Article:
Lang’s short-tailed blues and various odonata darted about in the dappled shade and we found plenty of milkweeds trailing around, but no sign of that elusive large, spotty-bodied butterfly. Were we too early for their second brood in this unusually late year or just plain unlucky? A solitary Griffon vulture coasted by overhead, not something I was expecting so close to the sea. We would have liked to reach the top of the ridge and I would have enjoyed exploring the caves but we had to move on to check out the promontory on the sea side of the mountain. Walking out towards the lighthouse I watched a falcon battling the winds (possibly Eleanora’s?) while also checking out the Yellow-legged gulls for any coloured rings. Feeling very at home on the limestone fissures, T found Sea squill shooting up from its cowpat-like bulb, the daintier lilac-coloured Autumn squill and a, but not the, little white flower, another lily, Lapiedra martinezii, all superficially resembling their relatives in the lily family, the asphodels, and no easy feat to photograph in the glare of the white rock in the sun.
Timed to perfection, we had a date with Jules Sykes of Oliva Rama Tours in his home town of, well, Oliva. We chatted and enjoyed a drink sitting on his terrace which backs onto an Orange grove (what doesn’t in Valencia?), alive with Mole crickets and, as was later proven, hunting ground of Little owls. The importance of local knowledge was first revealed here with Jules (apart from touring with the co-author of the Traveller’s Nature Guides, Spain of course) as he encouraged us to visit his patch - the marshes at Marjál de Pegó-Oliva. Homemade maps were very kindly provided and another early start was in order, the lure of Bluethroats and Hoopoe being enough for me.
Following Jules’s advice we checked out the reedbeds first, a mix of Common and Giant reeds. Post-dawn at a hide at the end of a boardwalk, using my newly-borrowed binoculars, I exclaimed/whispered “Otter!” These bins are really very good - Pentax Papilio 8.5 x 21. Developed mainly for close-ups of invertebrates they also double up well for birding because they’re so light. While T scorned my identification I had a better look at the scale of the reeds. Bank vole was much more likely, later confirmed looking at the mammal guide among the box of books thoughtfully packed in the back of the car. We spotted more rodents, though this time dead, on the tracks around the reedbeds. Brown rats, or Black, we weren’t sure. A consolation for me is that they were run over rather than poisoned although being a Ramsar and Zepa site, I don’t suppose anyone would poison wildlife here.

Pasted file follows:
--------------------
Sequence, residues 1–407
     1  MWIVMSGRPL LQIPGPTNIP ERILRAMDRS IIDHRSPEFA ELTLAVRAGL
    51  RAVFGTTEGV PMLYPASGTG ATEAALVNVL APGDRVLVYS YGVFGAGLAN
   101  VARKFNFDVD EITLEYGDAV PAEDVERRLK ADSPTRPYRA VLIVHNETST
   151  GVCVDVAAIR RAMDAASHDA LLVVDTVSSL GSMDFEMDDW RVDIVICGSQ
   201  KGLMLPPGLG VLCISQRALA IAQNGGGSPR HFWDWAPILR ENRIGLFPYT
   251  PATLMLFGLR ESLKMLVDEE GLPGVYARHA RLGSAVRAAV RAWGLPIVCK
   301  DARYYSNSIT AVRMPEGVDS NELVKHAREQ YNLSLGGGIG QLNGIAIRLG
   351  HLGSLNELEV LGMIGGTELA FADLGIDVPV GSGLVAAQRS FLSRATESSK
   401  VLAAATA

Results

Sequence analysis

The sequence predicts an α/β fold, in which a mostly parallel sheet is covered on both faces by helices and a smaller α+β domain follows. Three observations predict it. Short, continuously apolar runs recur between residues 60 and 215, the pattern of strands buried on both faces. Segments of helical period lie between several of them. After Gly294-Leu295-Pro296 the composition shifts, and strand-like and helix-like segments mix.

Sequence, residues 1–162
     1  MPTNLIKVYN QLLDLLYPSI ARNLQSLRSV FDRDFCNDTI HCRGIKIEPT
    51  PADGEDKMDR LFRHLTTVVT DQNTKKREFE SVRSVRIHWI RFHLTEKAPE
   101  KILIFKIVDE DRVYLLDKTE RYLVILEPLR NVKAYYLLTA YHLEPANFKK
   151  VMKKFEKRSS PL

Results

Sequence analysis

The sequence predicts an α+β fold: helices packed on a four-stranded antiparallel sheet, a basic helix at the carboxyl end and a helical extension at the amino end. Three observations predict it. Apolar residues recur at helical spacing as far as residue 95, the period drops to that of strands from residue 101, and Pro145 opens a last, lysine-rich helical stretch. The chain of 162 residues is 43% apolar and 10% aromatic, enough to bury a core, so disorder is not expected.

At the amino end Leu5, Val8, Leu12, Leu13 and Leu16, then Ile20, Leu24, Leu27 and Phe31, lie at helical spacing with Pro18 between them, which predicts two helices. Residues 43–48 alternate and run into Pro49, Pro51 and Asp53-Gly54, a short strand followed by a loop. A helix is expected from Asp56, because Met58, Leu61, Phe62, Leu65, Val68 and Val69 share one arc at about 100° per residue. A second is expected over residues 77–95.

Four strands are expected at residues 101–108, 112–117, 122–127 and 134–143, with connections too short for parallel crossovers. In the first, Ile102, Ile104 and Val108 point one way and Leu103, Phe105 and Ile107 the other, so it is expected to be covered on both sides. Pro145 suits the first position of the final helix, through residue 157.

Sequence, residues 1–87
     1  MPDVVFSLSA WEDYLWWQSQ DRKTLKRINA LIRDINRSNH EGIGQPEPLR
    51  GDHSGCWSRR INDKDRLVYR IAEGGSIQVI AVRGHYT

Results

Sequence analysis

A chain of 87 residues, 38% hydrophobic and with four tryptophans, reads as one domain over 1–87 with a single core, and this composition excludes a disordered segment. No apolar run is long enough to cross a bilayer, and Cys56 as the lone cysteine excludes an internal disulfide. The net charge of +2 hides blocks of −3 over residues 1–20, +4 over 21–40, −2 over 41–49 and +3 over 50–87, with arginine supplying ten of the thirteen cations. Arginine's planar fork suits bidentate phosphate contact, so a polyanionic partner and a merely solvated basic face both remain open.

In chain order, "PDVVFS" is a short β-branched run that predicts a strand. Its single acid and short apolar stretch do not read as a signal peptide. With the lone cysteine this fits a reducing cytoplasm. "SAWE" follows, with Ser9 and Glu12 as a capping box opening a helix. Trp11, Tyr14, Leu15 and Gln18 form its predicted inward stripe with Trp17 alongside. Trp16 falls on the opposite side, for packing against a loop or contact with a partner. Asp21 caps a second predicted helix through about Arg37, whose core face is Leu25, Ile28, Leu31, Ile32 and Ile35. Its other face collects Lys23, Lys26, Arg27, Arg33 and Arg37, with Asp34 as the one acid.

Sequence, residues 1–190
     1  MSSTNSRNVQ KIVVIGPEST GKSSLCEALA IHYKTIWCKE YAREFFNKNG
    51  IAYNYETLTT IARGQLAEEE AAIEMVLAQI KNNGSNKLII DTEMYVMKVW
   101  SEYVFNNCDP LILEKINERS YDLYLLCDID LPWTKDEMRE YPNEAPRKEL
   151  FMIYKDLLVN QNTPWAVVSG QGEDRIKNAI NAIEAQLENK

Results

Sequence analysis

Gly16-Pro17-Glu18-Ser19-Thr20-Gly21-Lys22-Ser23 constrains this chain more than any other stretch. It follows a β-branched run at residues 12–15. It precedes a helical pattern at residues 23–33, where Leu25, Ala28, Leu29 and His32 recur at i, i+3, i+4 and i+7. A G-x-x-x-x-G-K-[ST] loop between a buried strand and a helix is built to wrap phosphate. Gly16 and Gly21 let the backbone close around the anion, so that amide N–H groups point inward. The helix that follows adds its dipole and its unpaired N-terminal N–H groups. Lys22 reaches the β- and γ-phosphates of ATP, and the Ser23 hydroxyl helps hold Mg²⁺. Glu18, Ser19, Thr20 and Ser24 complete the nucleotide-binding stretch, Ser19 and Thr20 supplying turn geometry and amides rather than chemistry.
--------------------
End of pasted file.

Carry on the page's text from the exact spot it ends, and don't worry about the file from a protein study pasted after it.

Back to the birds, Bluethroats (White-spotted) were among the first to appear among the tall stems. Lowering our eyes we saw Purple gallinules pecking about the ground, dashing for cover when they realised they were being watched. Exploring further, back to the road and the grid of tracks criss-crossing the rice paddies with the sun now glistening on the town of Pegó behind and the distant hills beyond, we moved habitats. Grey herons were quietly fishing on the irrigation banks, accompanied by Great white, Little and Cattle egrets. The ubiquitous and aptly named Marsh harriers were patrolling the morning skies and we watched Black-headed gulls and Whiskered terns diving for crayfish with the warbling croaks of Iberian water frogs serenading the whole scene. Jules’s map had the miniature aircraft field down as a good spot for Hoopoe so we drove around the hill for a looksee. Sure enough, we almost ran one over. Amazing how these eye-catching birds can disappear completely into the undergrowth. A small flock of Long-tailed tits were much easier to see, flitting from one tree to the next. As we moved away I was very pleased to spot a Southern grey shrike sitting on a wire above. Nice and easy for a fledgling birder to identify.
Time was pressing now (again!) and we had to tear ourselves away from Jules’s jewel. I could happily have spent the whole day, or more, here even though there was still no sign of those elusive Plain tigers. Thanks Jules!